Once November arrives, birders and wildlife photographers in western Pennsylvania begin to have hopes of seeing a Snowy Owl, our grand visitor from the north. When the weather gets bad in Canada, Snowy Owls will begin to head south but only far enough to find food. If you are lucky enough to find one, it will probably be a female or juvenile male. The pure white males tend to stay back to the north.
In January, 2015, I wrote a blog called Follow Me to Gull Point. In it I tried to take the readers on a journey to Gull Point at Presque Isle State Park in Erie, PA. I researched a lot of Snowy Owl information for that blog so I'm not going to repeat it in this one. If you would like to read Follow Me to Gull Point and learn Snowy Owl facts, click the link.
In this blog I'd like to tell the story of one day with a Snowy Owl. Bear with me because most of the story needs to be told before the photos can be seen.
It was the beginning of March and winter was passing without having a Snowy Owl photo opportunity within reasonable driving distance. Word got out in the birding world that there was a Snowy located on an Amish farm in Crawford County, about 1.5 hours away from me. I gave it a few days to see if it was passing through or if I would actually have a chance to photograph this one.
Birding reports were posted daily that the owl was still being seen. Crowds were beginning to gather daily and the owl was keeping its distance in the large expanse of fields. The Amish family was very friendly and even had family members posted as locators for the bird so visitors didn't have to go searching for something that might be a small white spec in a distant field. Birding ethics were displayed and monitored as to not stress the owl. Nobody was allowed to approach the bird and everyone was being watched by the landowners and local birders.
Finally, on Sunday March 19th, my wife Elena and I decided to go photograph the owl. As we drove north, the weather started getting worse. The rain ended and cold air crept in below the warmer air, creating fog. By the time we reached the farm it was fairly dark outside, there were only two vehicles there and the Snowy had flown over the crest of a hill and disappeared into the mist. It was only 1:00 in the afternoon.
A couple country roads divide the large farm so we drove around for about 20 minutes with no luck of spotting the owl. Finally, I parked at the same spot the owl was perched when we arrived. Since we missed lunch, we began searching the GPS for a local restaurant. A few minutes later a tractor pulled up beside me and the driver introduced himself as the property owner and asked where the owl was. I pointed him in the right direction and he drove up a farm access road into the field. When he reached the top, which was about 50 yards away, he waved for me to join him.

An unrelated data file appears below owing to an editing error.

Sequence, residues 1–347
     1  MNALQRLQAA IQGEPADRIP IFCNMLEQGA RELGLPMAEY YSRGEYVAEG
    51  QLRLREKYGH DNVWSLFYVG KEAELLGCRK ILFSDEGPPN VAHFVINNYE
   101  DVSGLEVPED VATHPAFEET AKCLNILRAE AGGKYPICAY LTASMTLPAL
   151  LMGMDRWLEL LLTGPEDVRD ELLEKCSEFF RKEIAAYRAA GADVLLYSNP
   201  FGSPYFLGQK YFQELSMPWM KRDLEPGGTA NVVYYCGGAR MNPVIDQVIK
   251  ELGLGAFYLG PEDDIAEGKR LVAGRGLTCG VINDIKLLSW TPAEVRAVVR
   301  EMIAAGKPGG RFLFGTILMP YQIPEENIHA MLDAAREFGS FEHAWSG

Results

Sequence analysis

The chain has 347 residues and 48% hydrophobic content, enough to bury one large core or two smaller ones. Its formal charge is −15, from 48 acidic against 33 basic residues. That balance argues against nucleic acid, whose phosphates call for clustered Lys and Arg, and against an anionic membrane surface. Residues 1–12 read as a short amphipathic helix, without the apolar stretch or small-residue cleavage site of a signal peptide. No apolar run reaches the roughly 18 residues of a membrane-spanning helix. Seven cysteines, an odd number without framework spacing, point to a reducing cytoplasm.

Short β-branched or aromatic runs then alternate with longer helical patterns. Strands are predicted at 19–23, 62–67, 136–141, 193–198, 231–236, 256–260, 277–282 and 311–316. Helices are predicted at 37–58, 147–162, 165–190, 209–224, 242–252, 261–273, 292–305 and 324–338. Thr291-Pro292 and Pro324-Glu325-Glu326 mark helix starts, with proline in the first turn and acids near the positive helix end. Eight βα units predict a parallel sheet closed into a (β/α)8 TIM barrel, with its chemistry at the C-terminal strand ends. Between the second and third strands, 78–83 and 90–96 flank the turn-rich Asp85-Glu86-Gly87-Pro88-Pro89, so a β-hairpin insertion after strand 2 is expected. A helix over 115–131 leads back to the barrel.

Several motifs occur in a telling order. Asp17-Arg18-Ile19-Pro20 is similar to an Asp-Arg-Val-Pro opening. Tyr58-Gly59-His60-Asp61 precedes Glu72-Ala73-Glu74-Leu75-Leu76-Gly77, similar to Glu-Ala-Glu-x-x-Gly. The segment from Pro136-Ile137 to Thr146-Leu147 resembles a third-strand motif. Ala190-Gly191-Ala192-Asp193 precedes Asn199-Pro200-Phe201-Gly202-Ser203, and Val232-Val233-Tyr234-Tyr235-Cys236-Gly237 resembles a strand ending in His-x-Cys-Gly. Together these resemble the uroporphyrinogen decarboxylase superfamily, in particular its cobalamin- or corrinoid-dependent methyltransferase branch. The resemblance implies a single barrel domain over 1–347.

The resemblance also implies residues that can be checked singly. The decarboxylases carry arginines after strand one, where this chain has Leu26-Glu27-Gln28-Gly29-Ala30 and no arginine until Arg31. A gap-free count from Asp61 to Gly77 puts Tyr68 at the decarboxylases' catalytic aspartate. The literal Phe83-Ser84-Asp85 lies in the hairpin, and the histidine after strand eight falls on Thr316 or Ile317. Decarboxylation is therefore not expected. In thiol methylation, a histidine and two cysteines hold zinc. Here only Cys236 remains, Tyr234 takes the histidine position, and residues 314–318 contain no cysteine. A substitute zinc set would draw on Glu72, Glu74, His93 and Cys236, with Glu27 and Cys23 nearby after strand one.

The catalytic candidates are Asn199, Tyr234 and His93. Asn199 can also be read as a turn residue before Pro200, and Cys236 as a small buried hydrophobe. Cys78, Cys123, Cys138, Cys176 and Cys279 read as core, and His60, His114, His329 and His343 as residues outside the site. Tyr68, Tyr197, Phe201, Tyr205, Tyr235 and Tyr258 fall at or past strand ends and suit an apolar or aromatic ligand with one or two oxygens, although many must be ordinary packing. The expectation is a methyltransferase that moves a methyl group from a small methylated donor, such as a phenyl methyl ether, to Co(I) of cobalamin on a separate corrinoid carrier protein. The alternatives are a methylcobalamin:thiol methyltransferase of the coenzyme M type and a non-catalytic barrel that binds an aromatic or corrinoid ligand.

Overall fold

It was then I saw this owl, for the first time, perched about 80 yards away.
It sat on the fence post watching the field for rodents to eat.
I got plenty of photographs of the owl perched on the pole so I just stood and talked with the landowner. Eventually a friend of mine showed up and was also waved to the top of the hill. The wind picked up, it continued to get colder, and the fog began to lift. Soon, the owl flew away from us to a perch about 200 yards away. I thought it was a little closer but after checking Google Earth, I can confirm the 200 yard distance.
We continued to talk about the land, crowds that have been there and other idle chit chat. Finally the owl spotted a vole and left its perch to catch it.
It was still pretty dark but my shutter speed was high enough to catch the action.
It flew about 25 yards and sat down to eat.
Of course, the vole was devoured in seconds and the owl took flight again.
After making a large loop away from us, it returned to the perch 200 yards away.
A couple other people came and went while we continued to watch the owl. Eventually it left its perch again and this time it flew a big circle and flew right towards us.
My heart began pumping faster as the owl continued toward us.
It reached the original post where the landowner and I found it a few hours earlier, and sat down.
It seemed content again simply sitting on the pole.
About 30 minutes passed, I realized it was after six o'clock and we should head home.
What a lucky day we had. I believe we had the good luck because of the weather. I believe the owl hunted in mid-day because it was fairly dark outside and the rain, cold, and fog kept the people that would normally be there, at home. All in all, it was a great day!
Thanks for looking,